New DOD Office To Oversee Space And Intel Acquisition
A new organization within the Pentagon acquisition chief’s office responsible for all acquisition oversight of Defense Department space and intelligence programs has been officially established with Joshua Hartman at the helm.
Hartman was designated acting director of the Space and Intelligence Capabilities organization within the office of John Young, the under secretary of defense for acquisition, logistics and technology (USD AT&L), according to a memo Young signed June 5.
Hartman most recently was a senior aide to USD AT&L and previously was a congressional staffer.
The new organization "will perform and be accountable for all acquisition oversight and related matters concerning DOD Space and Intelligence programs," Young wrote in the memo establishing the organization.
The director of this new organization will lead the Space and Intelligence Overarching Integrated Product Team (OIPT), "replacing existing Command, Control, Communications, Intelligence, Surveillance, Reconnaissance, and Space OIPT structures," Young’s memo says.
The "director, space and intelligence capabilities" also will be the primary adviser to Young "on all issues associated with our end-to-end Space and Intelligence infrastructure," he wrote.
According to Young, the new organization "will perform oversight for all programs managed in the Space and associated ground portfolio as well as all national and military intelligence programs."
Offices that have dealt with such space matters — the office of the assistant secretary of defense for networks and information integration, office of the under secretary of defense for intelligence, and National Security Space Office – "may continue to provide support,"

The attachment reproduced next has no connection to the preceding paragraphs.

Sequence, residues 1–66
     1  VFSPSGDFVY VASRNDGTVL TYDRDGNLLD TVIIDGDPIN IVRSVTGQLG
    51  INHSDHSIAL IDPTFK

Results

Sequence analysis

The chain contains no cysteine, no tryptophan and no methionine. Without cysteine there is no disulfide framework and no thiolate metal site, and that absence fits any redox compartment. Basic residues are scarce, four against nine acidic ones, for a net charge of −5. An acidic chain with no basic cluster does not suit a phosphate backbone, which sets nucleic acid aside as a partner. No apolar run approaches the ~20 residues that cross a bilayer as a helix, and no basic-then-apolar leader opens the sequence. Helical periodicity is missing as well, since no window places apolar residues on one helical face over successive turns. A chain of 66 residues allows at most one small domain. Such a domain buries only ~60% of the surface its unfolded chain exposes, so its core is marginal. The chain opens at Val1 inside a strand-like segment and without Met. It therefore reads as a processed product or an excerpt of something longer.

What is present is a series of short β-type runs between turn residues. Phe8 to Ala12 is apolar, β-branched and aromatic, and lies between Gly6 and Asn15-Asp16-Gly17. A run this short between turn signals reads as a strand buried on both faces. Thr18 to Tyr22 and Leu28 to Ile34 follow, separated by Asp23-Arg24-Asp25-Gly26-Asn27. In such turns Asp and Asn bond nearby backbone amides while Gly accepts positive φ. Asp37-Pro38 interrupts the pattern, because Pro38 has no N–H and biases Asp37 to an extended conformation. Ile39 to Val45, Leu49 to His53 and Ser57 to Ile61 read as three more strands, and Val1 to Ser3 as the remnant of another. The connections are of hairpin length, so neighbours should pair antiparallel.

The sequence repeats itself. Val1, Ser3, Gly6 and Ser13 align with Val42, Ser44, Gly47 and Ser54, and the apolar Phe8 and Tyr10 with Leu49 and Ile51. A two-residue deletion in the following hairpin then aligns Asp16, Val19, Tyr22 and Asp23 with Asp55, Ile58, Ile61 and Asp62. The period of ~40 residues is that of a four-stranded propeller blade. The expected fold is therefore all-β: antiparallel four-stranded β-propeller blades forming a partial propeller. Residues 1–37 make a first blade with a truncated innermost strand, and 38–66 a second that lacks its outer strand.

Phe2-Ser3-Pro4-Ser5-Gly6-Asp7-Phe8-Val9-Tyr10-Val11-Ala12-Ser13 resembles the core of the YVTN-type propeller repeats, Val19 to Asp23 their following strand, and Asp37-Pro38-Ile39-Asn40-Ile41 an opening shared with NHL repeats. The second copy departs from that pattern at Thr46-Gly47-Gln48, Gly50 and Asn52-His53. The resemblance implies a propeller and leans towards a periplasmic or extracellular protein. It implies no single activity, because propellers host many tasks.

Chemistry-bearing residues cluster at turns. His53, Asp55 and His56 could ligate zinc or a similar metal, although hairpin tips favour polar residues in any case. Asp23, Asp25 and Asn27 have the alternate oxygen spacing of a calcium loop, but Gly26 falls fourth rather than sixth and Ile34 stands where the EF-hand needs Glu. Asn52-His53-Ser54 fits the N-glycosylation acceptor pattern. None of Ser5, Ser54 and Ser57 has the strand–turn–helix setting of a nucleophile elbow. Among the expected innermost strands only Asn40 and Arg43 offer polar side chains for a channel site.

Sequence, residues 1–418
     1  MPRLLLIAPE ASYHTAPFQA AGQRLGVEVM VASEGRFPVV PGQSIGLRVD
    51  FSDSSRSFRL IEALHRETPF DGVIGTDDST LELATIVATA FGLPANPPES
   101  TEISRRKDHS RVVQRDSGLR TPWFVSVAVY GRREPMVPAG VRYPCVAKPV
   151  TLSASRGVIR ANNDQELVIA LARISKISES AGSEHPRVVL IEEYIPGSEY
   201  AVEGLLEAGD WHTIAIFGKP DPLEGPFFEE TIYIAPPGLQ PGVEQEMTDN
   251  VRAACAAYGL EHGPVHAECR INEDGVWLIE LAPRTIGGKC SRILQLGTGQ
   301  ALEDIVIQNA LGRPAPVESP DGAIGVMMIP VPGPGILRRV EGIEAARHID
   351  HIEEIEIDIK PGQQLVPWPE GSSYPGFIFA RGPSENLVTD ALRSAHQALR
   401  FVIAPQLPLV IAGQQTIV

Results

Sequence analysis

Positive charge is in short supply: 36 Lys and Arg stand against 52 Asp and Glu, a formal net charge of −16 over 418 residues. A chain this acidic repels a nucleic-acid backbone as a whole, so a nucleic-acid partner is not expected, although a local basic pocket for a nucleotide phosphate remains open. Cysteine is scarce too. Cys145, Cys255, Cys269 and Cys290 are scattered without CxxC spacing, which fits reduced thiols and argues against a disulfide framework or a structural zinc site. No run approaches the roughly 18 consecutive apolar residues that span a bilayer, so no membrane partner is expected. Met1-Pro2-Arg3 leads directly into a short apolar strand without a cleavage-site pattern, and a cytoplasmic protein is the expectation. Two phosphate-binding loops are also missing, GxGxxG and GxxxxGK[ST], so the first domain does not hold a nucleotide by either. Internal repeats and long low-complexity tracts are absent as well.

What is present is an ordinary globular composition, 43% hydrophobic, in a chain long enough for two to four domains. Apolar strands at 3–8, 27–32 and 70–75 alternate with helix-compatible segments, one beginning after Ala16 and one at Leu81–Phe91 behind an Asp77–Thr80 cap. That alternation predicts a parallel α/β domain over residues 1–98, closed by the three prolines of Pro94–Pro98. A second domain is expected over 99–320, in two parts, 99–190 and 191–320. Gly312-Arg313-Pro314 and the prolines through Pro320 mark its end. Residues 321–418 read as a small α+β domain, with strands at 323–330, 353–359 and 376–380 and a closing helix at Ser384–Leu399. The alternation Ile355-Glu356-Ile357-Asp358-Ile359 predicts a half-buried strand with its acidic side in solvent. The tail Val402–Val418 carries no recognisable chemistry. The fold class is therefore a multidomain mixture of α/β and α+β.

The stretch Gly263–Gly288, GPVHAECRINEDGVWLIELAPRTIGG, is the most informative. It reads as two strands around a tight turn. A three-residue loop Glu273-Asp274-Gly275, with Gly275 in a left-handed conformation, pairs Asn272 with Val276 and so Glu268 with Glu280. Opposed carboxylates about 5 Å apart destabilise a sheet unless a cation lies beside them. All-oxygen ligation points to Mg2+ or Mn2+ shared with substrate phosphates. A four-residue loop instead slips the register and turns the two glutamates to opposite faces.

he wrote. Such support would be "on performance definition, requirements advocacy, policy compliance, and architectural development as required by the Director," he continued.
Young told reporters June 5 that the new space and intelligence organization within OSD AT&L is intended to ensure "corporate oversight" of space.
"Sometimes the service plans aren’t as joint as they should be, they’re not as interoperable as they should be, or they’re not fully funded, or they’re just not logical in terms of their chasing … too much requirement for not enough money," he said at a Pentagon roundtable.
The Air Force lost milestone decision authority for space earlier this decade. After the personnel shakeup following the scandal involving Darleen Druyun, the former service acquisition deputy who served prison time in 2005 for favoring The Boeing Co. [BA], the office of USD AT&L assumed milestone decision authority for Air Force programs.
When some vacated leadership positions were filled in 2006, AT&L relinquished acquisition authority for non-space programs to the Air Force, but maintained such authority for space programs.
"That has been the status quo since then," an Air Force spokeswoman said about space acquisition authority.
The departure last August of former Air Force Under Secretary Ronald Sega "did not impact this situation one way or the other," she said.
Young told reporters he doesn’t "foresee the Air Force getting acquisition decision authority back in my tenure unless somebody orders me to do it."
"The Acquisition Community is uniquely positioned to maintain the objective perspective and proper checks and balances necessary to appropriate management and oversight of the Nation’s acquisition programs," Young wrote in his memo. "The Department must capitalize on this to ensure acquisition success and good stewardship of the [taxpayers’] money."